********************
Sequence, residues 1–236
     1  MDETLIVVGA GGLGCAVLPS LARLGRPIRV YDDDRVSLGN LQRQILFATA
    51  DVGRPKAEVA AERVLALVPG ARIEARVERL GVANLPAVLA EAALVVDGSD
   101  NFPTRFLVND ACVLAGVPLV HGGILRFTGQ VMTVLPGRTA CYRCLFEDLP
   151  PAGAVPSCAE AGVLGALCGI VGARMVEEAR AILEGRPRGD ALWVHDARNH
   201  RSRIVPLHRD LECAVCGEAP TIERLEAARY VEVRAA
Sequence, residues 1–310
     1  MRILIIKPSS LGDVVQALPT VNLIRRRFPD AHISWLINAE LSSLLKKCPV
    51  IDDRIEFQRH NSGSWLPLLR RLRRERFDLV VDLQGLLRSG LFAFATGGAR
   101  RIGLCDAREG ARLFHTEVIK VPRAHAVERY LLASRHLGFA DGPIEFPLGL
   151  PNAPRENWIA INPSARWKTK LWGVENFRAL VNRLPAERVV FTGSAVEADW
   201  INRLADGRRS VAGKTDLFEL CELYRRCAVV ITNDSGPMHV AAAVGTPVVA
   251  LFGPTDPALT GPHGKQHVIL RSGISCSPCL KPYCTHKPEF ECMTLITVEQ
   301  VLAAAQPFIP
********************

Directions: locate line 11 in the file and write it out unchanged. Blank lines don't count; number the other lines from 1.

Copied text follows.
   151  PNAPRENWIA INPSARWKTK LWGVENFRAL VNRLPAERVV FTGSAVEADW